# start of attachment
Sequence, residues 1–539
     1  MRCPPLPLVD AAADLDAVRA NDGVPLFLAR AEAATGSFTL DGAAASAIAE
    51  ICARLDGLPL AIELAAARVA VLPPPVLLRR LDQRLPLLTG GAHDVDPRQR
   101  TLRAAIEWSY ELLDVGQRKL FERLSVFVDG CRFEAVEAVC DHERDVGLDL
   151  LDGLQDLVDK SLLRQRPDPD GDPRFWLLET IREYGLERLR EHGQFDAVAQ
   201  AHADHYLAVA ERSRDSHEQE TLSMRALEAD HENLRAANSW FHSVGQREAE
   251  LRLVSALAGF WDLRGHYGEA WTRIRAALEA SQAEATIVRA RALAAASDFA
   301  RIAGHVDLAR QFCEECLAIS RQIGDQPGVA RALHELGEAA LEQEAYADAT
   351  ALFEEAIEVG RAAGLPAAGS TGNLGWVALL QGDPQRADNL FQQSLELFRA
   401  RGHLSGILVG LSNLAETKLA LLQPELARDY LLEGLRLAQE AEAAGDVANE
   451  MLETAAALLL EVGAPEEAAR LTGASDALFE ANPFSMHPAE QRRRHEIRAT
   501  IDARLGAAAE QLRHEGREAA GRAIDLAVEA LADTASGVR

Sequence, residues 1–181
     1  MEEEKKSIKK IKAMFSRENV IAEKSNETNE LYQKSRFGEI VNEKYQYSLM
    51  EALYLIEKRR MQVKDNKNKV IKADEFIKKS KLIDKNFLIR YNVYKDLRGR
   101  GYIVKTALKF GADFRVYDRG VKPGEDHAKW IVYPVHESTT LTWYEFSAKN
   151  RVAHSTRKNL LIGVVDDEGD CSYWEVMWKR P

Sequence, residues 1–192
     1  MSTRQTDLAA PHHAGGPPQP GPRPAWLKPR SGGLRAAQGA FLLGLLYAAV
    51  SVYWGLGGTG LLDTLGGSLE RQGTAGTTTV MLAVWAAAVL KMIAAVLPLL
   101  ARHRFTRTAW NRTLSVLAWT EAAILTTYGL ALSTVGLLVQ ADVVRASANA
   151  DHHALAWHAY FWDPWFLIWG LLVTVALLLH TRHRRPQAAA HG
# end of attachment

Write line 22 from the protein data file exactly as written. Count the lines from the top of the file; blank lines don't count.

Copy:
   151  DHHALAWHAY FWDPWFLIWG LLVTVALLLH TRHRRPQAAA HG